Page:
Dr. David Ho Reflects on Working Toward Peace

I feel extremely privileged to work on AIDS. As a young physician in Los Angeles in 1981, I was fortunate enough to witness the beginning of the visible part of the AIDS epidemic. Over the course of a year, young men, one after another, appeared at the hospital with a multitude of opportunistic infections, leading to death within days to weeks. It was evident that their immune systems were damaged. But by what? Their medical histories strongly suggested the possibility of a sexually transmitted agent that caused immunodeficiency. And yet, any description of a similar syndrome was nowhere to be found in the medical literature. The disease was obviously new!
In this manner, AIDS appeared insidiously and mystified doctors and scientists alike. No one could have predicted that nineteen years later, we would face a global epidemic of HIV infection that is arguably the plague of the millennium. Today, HIV continues to spread at an alarming rate of sixteen thousand new cases per day, and several hundred million infections are expected by the end of the decade. For a biomedical scientist, what could represent a greater opportunity than to conduct research on a lethal microbe that threatens the health and stability of the entire world?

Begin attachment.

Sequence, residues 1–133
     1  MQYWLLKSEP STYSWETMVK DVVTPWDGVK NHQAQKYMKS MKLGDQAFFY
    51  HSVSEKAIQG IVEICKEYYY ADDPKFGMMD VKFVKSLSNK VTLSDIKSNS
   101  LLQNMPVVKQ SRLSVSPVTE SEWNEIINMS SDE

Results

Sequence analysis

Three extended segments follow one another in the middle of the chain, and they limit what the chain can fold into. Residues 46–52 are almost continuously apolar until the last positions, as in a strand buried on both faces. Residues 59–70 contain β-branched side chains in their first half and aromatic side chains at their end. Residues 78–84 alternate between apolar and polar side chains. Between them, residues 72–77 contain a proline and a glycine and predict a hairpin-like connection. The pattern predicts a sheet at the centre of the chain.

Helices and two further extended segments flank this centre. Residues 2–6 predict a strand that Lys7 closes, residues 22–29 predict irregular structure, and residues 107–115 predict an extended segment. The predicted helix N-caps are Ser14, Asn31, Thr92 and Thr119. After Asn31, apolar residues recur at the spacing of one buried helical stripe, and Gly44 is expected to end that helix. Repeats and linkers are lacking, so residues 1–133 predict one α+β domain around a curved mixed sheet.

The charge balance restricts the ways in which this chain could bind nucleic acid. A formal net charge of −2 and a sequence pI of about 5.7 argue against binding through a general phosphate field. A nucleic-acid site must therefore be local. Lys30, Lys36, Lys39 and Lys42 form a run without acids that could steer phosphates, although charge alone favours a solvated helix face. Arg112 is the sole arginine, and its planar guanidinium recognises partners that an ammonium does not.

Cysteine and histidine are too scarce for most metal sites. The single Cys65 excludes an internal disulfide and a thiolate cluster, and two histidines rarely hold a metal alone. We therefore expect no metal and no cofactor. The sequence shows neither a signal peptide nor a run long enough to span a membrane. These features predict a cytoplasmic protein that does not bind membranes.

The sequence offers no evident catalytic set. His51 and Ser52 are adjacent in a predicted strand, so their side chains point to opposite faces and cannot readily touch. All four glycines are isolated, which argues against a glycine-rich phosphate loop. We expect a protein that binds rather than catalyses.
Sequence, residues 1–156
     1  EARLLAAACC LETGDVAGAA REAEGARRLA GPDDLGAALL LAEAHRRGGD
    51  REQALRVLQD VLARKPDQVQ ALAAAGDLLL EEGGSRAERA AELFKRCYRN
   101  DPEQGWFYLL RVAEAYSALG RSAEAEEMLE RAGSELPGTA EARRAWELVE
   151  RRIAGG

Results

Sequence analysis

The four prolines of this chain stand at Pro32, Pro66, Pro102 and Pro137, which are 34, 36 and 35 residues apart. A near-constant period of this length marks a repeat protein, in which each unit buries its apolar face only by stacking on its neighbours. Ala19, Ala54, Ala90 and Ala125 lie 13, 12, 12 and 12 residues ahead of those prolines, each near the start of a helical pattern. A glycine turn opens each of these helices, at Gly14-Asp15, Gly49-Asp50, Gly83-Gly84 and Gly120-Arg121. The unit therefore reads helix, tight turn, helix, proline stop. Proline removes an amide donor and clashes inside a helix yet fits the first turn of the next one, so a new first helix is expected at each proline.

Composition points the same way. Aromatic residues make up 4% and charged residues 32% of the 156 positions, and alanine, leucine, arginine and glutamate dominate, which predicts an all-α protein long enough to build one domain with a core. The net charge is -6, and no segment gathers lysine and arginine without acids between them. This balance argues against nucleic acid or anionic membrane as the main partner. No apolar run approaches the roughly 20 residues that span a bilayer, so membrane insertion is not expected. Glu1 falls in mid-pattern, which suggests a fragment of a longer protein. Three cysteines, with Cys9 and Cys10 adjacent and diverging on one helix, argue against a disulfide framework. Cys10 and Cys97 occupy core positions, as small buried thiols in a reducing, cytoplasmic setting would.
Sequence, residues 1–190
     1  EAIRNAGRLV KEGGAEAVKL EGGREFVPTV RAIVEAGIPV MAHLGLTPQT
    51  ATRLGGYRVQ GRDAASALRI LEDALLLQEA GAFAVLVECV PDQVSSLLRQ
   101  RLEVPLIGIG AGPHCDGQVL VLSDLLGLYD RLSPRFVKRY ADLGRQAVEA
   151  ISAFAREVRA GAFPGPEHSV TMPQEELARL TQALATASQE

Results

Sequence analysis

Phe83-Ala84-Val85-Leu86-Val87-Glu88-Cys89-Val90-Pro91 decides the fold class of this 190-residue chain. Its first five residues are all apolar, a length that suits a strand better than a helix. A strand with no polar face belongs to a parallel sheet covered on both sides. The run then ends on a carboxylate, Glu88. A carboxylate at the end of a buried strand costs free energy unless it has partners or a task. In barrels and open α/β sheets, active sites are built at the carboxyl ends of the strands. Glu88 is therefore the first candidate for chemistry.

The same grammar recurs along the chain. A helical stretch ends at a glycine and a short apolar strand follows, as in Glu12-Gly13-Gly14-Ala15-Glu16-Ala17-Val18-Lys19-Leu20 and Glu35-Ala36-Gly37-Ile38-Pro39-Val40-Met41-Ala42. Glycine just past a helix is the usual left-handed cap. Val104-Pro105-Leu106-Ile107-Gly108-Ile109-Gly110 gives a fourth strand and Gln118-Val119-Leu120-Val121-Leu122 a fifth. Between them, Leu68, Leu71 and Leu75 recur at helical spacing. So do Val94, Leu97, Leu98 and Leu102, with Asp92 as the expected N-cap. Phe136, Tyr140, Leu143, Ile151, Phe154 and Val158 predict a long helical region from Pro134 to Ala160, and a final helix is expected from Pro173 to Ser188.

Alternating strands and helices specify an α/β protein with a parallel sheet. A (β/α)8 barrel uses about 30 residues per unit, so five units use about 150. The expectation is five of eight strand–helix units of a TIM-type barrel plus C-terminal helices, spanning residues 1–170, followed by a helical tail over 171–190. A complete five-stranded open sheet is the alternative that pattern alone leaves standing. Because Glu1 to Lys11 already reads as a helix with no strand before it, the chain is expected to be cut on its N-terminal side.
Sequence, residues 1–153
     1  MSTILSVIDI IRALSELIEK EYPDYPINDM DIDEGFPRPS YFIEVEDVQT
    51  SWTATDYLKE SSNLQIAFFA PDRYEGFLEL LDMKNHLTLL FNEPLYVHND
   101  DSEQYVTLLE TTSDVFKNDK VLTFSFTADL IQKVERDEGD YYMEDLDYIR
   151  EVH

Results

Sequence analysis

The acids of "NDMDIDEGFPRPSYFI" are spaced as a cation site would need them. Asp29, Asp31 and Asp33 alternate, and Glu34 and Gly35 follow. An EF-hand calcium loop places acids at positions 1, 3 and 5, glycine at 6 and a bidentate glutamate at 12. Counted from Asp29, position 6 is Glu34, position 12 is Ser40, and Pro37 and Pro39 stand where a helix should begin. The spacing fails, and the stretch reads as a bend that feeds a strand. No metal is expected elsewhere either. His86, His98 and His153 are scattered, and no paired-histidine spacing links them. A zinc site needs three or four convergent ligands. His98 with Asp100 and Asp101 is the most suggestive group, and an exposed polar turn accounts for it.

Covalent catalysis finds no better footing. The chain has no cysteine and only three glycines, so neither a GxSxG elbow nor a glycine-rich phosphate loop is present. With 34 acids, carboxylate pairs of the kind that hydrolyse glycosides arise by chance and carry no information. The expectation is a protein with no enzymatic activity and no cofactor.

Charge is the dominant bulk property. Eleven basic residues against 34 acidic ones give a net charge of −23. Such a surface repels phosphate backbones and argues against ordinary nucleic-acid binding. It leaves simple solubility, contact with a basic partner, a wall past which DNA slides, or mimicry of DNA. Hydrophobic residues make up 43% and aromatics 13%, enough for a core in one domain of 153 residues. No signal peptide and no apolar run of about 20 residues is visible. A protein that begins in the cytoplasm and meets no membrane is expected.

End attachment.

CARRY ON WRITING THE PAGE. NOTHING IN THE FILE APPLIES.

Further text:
How we respond to the AIDS crisis is also a measure of our care for one another. Even if an AIDS vaccine is developed-our only real hope of averting an unparalleled medical disaster-it will require an extraordinary effort of political will among our leaders to get it to the people who need it most. It is my profound hope that we can rise to the challenge.



Resources for Teachers and Students